Here is a shot of how the deck looked after I was done painting it. Oh how I wish that I could have taken it apart and painted it properly, but I did the best I could given the circumstances. I mostly just try not to look too hard and the places that the Deckover slipped between the boards a bit. That makes me feel a little better about it ;).
Luckily, when I was under the trailer attempting to take off the boards I saw that on the under-side they looked almost brand new still so that gives me great hope that only painting the top, which is the part that will be exposed to the elements the most, will have new life in them and last for years and years to come.
A week or so later, it was finally not too windy to spray paint so I got to work on the painting the metal. I just rattle canned the whole thing and it worked great! Wouldn’t you know that I ran out of Frog Tape just when I had a few free moments to work on it (I go through Frog Tape like it’s nobody’s business), so I improvised and covered the deck with brown paper to protect the deck and used rocks to hold it down where I would have used the tape. The rocks worked just fine.
In case you were wondering about what kind of paint that I used for the metal, it was Black Krylon Maxx , in a satin finish. I didn’t want it to be too glossy and it seemed to cover the old paint quite well. In fact, I ended up only doing one coat on the body of the trailer, with a touch up and the only part that needed a full two coats was the gate with the mesh. I attribute that to the fact that the mesh hadn’t already been painted black, so it makes sense that it needed more paint to get the same coverage.
I really don’t think that you guys need much direction on how I rattle canned all of the black areas and the mesh. It’s pretty much just common sense. I was just really careful to make sure that I covered anything that should not be getting paint on it. Ideally, instead of sanding it down myself and spray painting it, I would have taken the trailer somewhere and maybe gotten it sandblasted and then repainted , but I figure that if I was going to spend that much money I may as well just get a new trailer…which wasn’t going to happen any time soon. As usual, I made due, but just prettied it up a bit with my budget in mind.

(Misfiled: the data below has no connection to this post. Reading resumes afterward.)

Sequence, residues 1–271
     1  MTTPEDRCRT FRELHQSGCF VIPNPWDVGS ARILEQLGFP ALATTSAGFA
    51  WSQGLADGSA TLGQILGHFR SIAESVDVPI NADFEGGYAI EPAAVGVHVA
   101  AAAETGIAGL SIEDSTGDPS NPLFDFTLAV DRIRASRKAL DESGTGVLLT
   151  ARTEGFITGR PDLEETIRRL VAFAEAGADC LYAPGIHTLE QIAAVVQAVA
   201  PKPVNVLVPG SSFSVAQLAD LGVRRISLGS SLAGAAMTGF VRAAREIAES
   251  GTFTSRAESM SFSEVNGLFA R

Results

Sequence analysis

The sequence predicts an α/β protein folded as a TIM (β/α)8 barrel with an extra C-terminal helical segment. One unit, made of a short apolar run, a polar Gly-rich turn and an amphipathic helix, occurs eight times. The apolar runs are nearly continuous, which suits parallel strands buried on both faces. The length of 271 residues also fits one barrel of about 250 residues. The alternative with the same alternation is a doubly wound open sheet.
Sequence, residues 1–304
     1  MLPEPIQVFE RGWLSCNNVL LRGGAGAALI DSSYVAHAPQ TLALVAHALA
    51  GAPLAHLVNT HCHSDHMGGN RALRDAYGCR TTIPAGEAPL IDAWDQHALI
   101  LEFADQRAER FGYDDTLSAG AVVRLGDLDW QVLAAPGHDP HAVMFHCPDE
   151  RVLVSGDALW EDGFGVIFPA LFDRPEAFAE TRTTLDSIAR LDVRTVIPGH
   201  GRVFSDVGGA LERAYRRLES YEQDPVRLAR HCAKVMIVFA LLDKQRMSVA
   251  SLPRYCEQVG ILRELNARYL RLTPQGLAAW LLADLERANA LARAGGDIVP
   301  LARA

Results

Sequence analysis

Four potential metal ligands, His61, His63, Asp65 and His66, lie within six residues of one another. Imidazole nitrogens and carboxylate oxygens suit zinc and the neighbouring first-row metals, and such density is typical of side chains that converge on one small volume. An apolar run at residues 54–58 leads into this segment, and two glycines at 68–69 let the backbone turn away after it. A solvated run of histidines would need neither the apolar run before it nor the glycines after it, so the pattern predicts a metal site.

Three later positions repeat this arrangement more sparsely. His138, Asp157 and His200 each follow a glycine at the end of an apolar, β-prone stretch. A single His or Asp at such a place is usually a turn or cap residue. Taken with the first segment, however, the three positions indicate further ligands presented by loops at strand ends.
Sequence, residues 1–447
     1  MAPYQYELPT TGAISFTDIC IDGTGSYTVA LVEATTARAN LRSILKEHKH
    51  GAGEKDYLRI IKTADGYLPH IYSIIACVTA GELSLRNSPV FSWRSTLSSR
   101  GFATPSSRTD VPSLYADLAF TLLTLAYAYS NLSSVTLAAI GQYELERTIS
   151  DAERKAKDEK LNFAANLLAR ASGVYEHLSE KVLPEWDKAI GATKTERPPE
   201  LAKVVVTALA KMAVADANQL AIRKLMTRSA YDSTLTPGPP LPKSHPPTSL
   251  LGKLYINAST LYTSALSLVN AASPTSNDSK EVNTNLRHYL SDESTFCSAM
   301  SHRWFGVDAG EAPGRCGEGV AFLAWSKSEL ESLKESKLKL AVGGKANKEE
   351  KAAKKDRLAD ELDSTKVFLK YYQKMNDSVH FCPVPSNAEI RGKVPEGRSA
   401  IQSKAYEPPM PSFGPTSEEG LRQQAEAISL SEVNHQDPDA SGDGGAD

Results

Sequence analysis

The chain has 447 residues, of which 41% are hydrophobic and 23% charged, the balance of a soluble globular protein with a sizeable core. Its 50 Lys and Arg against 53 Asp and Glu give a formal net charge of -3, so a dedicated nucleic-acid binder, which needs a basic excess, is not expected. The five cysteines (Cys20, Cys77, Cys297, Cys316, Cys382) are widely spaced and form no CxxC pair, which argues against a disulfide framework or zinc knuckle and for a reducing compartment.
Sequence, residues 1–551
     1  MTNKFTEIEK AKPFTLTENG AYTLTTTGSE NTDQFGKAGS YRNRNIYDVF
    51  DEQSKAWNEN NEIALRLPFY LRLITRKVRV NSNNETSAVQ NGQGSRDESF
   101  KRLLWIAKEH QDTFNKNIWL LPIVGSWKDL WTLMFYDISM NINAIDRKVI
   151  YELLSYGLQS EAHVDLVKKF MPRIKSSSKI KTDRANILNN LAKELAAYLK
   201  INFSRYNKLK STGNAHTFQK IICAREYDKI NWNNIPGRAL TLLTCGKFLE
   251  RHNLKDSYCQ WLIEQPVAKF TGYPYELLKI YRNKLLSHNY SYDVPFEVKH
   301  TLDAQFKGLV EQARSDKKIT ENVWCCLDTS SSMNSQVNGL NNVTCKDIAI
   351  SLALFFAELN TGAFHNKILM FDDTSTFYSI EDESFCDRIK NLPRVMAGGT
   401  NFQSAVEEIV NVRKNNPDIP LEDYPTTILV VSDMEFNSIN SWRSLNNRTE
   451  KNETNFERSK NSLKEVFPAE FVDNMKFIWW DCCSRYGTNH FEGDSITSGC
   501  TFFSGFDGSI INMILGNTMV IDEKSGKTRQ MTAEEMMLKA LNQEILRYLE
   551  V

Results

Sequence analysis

The painting was done, so now it is time to show you a bunch of after shots!
I’m not delusional, I know that it is far from perfect, but I am pleased with this much progress!
My favorite part of the trailer revamp, of course, would have to be the mesh on the ramp. No regrets here at the small added expense because it brings so much more functionality and looks so much better. If I had not needed to get any welds fixed, I am sure that I would have done without, but needing to get the welds fixed turned out to be a good thing…I think that kismet is the right word for that.
Here it is completely finished, as much as I am going to finish it, at least this time anyway. I am sure that it will need some touching up and such throughout the years.
I forgot to tell you all that I also sanded down, taped off, and painted the white part of the wheels. They were super rusty and I felt it was necessary. The white paint that I used for the wheels was Krylon Maxx Bright White in a satin finish.
Now that the trailer is looking so much better I really need to get the towing package installed on my new, to me, car so that I don’t have to pull it with the older uglier car (plus I need to sell that car). Talk about a first world problem…I know, I know. Anyway, what do you all think? I personally think that it is a night and day difference. Scroll back up to the top and take another look if you don’t agree. It’s kind of crazy, and the sad thing is that since it took me so dang long to do the make over, my husband didn’t really notice too much of a difference. I guess that at least now I have the pictures to prove just how drastic of a change it really was.
There were so many problems with this project that I think that the absolute best part of it is that I am finally done! Sheesh! It seriously made me wish I was incredibly wealthy so that I could just get rid of it and never look back…but who am I kidding? If I were wealthy I probably would need a much larger trailer than a little rinky dink 4’x8′ one, you know, to haul all of the toys that we would have. A girl can dream right?
As per my usual request, if you liked this post please make sure to share it on social media! It is now easily shareable on Pinterest, Twitter, and Facebook! Thank you so much for stopping by my blog and hanging out with me! I am hoping that I gave you all ideas as to how to refinish your trailer, or if some of you wanted to make a little extra money on the side, it wouldn’t be too hard to try to find some cheap second-hand trailers and flip them…just a suggestion. Have a great day!~Sarah
P.S. This project cost me between $200-$250. Which is about 1/3rd or 1/4th of what it would have cost to buy a new trailer. Not too bad and that was even with getting the welds fixed and adding the mesh.
You May Also Like (the pictures are links):